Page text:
Some people might have scratched their heads upon hearing plans for tech giant IBM Corp. to acquire The Weather Company. In fact, there are many ways the weather affects IBM’s clients. Golf clubs and air traffic control are two obvious industries that rely on early knowledge of temperature and precipitation levels, but contextualizing weather patterns can help predict unlikely trends, such as when shoppers are more likely to buy yogurt.
“IBM bought us because weather impacts every business, we supply a great forecast, and we run completely on the cloud. We also have data platform that we’re now commercializing,” said Mary Glackin, SVP of Science and Forecast Operations at The Weather Co., an IBM Business.
Weather + Watson
Machine learning is having an impact as well. Glackin is excited to see how IBM Watson will evaluate past data and what patterns it will find. The Weather Co. is gathering information from organizations around the world, and with the machine learning algorithm they are able to achieve the most accurate forecasts to date, including being right about the temperature within one degree 80 percent of the time, Glackin said.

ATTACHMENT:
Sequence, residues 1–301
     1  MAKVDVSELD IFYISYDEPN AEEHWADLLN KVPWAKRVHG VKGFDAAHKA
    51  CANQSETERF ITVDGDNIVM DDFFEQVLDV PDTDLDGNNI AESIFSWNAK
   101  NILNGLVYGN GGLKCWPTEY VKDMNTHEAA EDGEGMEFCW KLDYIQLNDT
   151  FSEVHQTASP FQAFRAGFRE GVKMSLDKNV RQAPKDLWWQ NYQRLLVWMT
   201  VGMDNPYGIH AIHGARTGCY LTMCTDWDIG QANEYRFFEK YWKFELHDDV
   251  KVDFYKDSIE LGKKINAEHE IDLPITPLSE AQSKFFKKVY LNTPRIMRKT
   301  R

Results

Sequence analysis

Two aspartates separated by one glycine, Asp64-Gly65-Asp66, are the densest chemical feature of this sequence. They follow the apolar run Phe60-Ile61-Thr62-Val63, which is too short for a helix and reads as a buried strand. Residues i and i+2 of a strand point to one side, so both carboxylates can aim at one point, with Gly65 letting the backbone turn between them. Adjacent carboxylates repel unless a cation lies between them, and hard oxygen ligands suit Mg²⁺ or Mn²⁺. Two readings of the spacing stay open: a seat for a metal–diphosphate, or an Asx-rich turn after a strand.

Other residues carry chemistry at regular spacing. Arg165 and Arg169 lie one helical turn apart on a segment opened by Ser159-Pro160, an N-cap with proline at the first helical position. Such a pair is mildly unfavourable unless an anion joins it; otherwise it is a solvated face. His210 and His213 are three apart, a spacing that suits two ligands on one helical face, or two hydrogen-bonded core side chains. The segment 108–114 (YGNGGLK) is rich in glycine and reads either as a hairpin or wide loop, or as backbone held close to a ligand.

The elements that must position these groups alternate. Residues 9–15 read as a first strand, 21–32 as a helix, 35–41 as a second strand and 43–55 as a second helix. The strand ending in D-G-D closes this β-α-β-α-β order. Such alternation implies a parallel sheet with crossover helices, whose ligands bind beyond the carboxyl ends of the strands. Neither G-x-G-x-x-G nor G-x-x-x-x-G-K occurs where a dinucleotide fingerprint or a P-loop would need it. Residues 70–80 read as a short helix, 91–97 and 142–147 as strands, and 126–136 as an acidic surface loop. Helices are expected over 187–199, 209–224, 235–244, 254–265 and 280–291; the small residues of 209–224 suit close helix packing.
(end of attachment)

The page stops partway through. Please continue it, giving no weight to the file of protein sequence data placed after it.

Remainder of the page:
It also allows The Weather Co. to understand the bias in real time, and if a specific system isn’t tracking a storm well, the machine learns and shifts the data accordingly.
Climate change is another issue bound to affect various industries.
“Any business that’s assuming the last 10 years is going to be the same in the next 10 is making a mistake. Businesses and communities are asking the question, ‘How often am I going to see these once-every-50-years disasters? And the answer is: More frequently,” said Glackin, who has personally experienced standing on the Greenland ice sheet and observed how rapidly it’s changing.
Watch the complete video interview below, and be sure to check out more of SiliconANGLE and theCUBE’s coverage of IBM World of Watson 2016.
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